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What is PCOS?

Updated: Jan 25, 2021


PCOS (polycystic ovary snydrome) is a hormonal disorder commonly among women of reproductive age.

Women with PCOS may have infrequent or prolonged menstrual periods and excess male hormone (androgen) levels.

The ovaries may develop numerous collections of follicles that are unable to mature and are actually not cycstes at all.


SYMPTOMS

These vary and can change throughout a womans life but can include


Irregular periods- Infrequent, irregular or prolonged menstrual cycles are common signs of PCOS but may not be the only cause.


Excess Androgen- Elevated levels of male hormones may result in physical signs such as excess facial and body hair , severe acne and male pattern baldness.


Polycystic ovaries- The ovaries may contain many follicles (visible on ultrasound) that are unable to mature because of testosterone so eostrogen won't be produced to a certain level, luteinizing hormone won't surge and ovulation won't occur. Although not every case has this issue.


*Please note a diagnosis of PCOS cannot be made on ultrasound alone*


This list isn't exhaustive and there are many other symptoms to consider including infertility, weight gain, mood disorders, insuline resistence...


It's pretty clear that medical assistance is needed but what can you do in regards to lifestyle changes to help improve symptoms, your overall health and well being?


Hormonal issues can make weight loss more challenging but not impossible and it's shown that even a decrease in weight of 5-10% can improve fertility, ovulation and menstrual health.


Although more studies need to be made these are the recommendations to date:-

A diet lower in carbohydrates and higher in fats has shown to be beneficial with attention to a suitable calorie deficit.

Macro recommendations are 30% fat (10% from saturated fat), 20% Protein and 50% Carbs -It's important to take note of your carbohydrate tolerance here and a slightly lower carb precentage may be preferable for the individual.


Practical applications- There is no quick fix and consistency is key.


Carbohydrates- Moderate amount and low in GI

Experiment with your carb tolerance


Reduce trans fat and refined sugars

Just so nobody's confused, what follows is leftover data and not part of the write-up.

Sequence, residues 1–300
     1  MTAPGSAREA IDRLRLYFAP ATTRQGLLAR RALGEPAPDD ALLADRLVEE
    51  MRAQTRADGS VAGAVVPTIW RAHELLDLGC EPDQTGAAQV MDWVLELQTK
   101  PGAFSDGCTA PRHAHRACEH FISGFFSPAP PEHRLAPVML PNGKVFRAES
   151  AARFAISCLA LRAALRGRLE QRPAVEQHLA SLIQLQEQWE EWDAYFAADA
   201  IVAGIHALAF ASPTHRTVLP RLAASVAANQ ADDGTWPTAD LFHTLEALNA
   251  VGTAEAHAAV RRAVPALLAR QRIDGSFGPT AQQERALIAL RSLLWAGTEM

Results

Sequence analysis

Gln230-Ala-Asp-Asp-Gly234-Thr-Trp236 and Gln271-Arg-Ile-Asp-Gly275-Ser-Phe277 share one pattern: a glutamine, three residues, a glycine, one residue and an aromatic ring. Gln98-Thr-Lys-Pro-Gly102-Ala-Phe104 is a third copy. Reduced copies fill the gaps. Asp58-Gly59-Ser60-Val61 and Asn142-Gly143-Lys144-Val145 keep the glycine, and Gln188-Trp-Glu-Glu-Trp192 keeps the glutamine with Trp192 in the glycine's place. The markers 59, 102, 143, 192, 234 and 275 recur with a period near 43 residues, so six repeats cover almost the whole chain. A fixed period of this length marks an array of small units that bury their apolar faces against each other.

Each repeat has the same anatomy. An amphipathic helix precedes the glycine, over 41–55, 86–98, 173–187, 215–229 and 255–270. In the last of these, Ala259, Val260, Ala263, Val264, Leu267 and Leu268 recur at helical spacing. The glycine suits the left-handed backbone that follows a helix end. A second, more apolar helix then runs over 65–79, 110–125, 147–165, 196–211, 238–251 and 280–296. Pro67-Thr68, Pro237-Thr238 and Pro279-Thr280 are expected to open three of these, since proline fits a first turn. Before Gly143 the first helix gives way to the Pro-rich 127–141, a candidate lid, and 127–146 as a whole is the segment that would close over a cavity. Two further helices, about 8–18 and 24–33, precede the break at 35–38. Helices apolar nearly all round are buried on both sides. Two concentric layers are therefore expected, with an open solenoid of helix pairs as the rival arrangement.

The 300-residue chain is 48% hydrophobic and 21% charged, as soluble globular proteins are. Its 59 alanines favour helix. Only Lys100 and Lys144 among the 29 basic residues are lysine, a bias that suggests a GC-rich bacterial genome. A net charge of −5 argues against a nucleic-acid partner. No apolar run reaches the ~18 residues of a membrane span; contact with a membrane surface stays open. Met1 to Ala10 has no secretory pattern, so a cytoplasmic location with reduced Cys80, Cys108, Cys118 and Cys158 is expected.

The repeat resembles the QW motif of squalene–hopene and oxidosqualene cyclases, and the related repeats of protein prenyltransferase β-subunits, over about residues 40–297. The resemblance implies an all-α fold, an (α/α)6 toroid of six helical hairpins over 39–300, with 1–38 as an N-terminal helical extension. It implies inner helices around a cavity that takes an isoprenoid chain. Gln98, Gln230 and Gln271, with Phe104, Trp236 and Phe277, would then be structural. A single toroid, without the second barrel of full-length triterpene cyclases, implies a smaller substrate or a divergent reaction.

Eat leafy greens, cruciferous vegetables, pulses and low GI fruit with plenty of fibre in your diet.

Fats and proteins- Enrich in mono-unsaturated fats like nuts, avocad, olive oil etc .. and good quality proteins.


Fat loss can only occur with a calorie deficit but eating a wholefood diet should also be an important consideration.


There is a suggested link between low grade inflammation and PCOS so think about adding anti-inflammatory foods and cut out or greatly reduce processed foods.

Moderate alcohol consumption.


Dairy- This may contribute to inflammation and elevate insulin.


With all that said this approach needs to be sustainable as a prime consideration.

It's also important to have sleep strategies in place as with any healthy lifestyle.


EXERCISE- Is is the most effective way to improve insulin sensitivity, improve muscle mass and glucose tolerance.

It is a key predictor of long term weight management.

Elevated androgen levels (testosterone) lend to increased muscle mass, strength and power and the individual amy find they progress well in this.

Use HIIT (high intensity interval training) mindfully. Exercise is a stressor and HIIT although with it's benefits should be used with caution in this case.


The optimal exercise recommendations are-

150-300 minutes a week of moderate intensity exercise (50-70% MHR)

of that 90 minutes should be moderate to high (70-90% MHR)

with 2-3 full body resistence sessions.


*If you have a suspicion that something isn't right it's important to seek proffesional medical advice*


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